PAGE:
“Was bound to happen,” he says. “My mind…it’s not as sharp as it once was.”
“Happens to all of us.”
‘Not you,” he says through a succession of dry coughs. Once he settles he opens his eyes slowly, focusing on me. He smiles a bit, that familiar smile of his, just different now. Older and more tired.
“I’m not exempt from the laws of nature, old friend. Just hasn’t caught up to me yet is all.”
“How long’s it been, anyway?”
“Since you’ve seen me, I mean. Since we’ve seen each other.”
“Depends on your definition of seen. I’ve seen you through a lens quite a few times. I believe you’ve seen me in the same way.”
“I meant in the traditional sense. Chatted and the like.”
“Yes,” I say looking around the empty room. The bed next to him is empty, the window is partially open, facing west, and looking out over the visitor parking lot.
“Well, like I said, my mind’s not as sharp these days. I’ll take your word.”
“You should. I wouldn’t lie.”
“Well, I’m not,” I say peeking out into the hall. I see a middle-aged doctor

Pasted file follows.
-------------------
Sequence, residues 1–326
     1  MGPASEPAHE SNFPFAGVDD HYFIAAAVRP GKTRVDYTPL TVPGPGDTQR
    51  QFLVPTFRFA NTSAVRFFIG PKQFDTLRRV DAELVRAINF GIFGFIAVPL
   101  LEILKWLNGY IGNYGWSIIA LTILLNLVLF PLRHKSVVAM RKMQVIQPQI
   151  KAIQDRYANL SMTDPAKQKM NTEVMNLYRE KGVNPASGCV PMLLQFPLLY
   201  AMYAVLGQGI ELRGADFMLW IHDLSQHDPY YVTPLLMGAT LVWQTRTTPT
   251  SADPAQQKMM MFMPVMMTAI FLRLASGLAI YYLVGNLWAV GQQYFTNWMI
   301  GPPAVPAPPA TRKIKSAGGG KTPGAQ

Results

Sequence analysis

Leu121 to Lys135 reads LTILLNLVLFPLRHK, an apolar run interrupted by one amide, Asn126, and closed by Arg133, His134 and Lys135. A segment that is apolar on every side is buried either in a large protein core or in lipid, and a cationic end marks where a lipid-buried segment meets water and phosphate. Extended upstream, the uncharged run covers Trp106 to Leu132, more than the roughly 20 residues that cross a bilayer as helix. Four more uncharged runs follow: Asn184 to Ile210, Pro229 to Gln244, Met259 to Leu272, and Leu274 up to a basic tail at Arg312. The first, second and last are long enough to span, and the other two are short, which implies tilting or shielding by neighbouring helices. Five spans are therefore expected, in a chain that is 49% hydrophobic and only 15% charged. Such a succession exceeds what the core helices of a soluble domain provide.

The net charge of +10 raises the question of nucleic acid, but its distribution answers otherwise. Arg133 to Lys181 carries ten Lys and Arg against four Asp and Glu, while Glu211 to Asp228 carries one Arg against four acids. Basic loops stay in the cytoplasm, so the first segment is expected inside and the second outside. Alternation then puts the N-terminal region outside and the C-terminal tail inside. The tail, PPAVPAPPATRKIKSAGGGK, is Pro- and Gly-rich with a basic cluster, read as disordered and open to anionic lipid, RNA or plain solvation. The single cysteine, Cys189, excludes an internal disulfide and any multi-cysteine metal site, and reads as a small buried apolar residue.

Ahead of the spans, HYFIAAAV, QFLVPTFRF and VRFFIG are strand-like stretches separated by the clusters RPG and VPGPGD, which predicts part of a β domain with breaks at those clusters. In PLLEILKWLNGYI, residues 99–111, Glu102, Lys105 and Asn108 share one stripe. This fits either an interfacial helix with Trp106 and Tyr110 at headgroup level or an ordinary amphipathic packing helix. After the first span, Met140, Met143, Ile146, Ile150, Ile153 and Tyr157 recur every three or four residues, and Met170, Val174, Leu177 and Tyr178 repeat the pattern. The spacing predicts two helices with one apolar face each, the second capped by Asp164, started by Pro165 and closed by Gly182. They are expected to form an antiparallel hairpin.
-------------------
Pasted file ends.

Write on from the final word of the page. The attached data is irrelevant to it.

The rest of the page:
flirting with a nurse.
“You look good,’ Franklin says. I look down at my wrinkled hands, then to the blue cardigan I’m wearing, the type of thing my own grandfather wore when I was a boy.
“Thanks,” I say.
“You know,” he says struggling to sit up, lowering himself back down once he realizes he doesn’t have the strength. “I thought you had me in Oslo.”
I walk to his side and help him sit up, propping the pillow behind his back. “Yeah? In…Ninety Five?”
“That was a close one,” I say smiling warmly.
“It’s funny,” he says.
“I came in for an ordinary ole checkup with the doc a few weeks ago, just a routine physical, he ends up finding something wrong with my ticker and here we are.”
“Just goes to show you there’s no such thing as ordinary, huh?”
“Suppose not. Not in our line of work, anyway.”
“True enough,” I say pulling out a syringe from my pocket. Franklin eyes it, then me, but doesn’t plead. Not a bit. Instead he leans back, trying to relax, ready for what’s coming.
“By the way,” I say looking for the perfect spot in his withered arm to inject the potassium, meeting his gaze as the needle slowly goes in. “This is for Daisy.”